Monday, November 1, 2010

Sega Dreamcast: Bigger In Death Than It Was In Life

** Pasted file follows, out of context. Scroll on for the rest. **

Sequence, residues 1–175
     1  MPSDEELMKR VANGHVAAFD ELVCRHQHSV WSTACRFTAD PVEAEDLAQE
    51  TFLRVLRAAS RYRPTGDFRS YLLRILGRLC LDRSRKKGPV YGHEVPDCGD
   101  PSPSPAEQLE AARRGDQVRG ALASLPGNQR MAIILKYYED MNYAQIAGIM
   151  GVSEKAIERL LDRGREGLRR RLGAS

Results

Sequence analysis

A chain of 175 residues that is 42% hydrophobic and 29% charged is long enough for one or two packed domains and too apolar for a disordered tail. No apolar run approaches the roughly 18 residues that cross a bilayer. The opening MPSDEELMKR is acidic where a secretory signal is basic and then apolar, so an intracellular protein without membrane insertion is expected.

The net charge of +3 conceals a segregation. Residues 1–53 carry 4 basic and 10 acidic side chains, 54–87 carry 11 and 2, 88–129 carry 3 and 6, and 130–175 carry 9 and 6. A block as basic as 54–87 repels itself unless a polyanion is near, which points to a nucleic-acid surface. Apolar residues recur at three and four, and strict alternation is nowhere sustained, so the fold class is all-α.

One's potential is only as good as the application of that potential. Whenever I think of that statement in terms of video game consoles, one name always sticks out in my mind, Dreamcast. Sega's final console was never a graphical behemoth, but it is considered a favorite among gamers. When Sega's final console hit American stores on 9-9-99, it was a hit, and players ate up the arcade perfect ports of Crazy Taxi and Soulcalibur, along with the almost Madden killing greatness that was the NFL2K series. They also enjoyed great original games like Jet Grind Radio, and Resident Evil Code Veronica, but something went wrong, and Sega was completely unprepared for the juggernaut on the horizon called Playstation 2. Sony had all the major licensees Sega lacked, and one other major edge, the PS2 also served as a DVD player. This made the Playstation 2 a must have piece of hardware. The Dreamcast, for it's early demise has become a lot like Tupac or Biggie, much more famous after it's death than during it's life. Sega's little white box of joy also originated several things that are now commonalities in current generation consoles. Dreamcast was the first console with a built in modem for web browsing and online play, a first for a console. It's online service, SEGAnet, is essentially an early version of Xbox Live, and players could get downloadable content for their DC by connecting it to a phone line. The homebrew and emulator communities have also gravitated to the Dreamcast because of the ease involved in developing for it, and several homebrew game engines have surfaced, allowing folks to build new games with great ease. One of the things that contributed to the death of the Dreamcast has also kept it alive to this day. it can be pretty easy for a gamer to make an "unofficial" copy of a Dreamcast game for their personal use, thus giving gamers access to the entire library of Dreamcast games. A few years ago, gamers were fed information suggesting that Sega was getting back into the console market, but sadly this was a hoax, and we never got that new Dreamcast. Sega's decision to leave the console market may have been painful for gamers to process, but their parting gift to gamers everywhere proved to be so far ahead of it time that it Sony, Microsoft, and Nintendo are just catching up.

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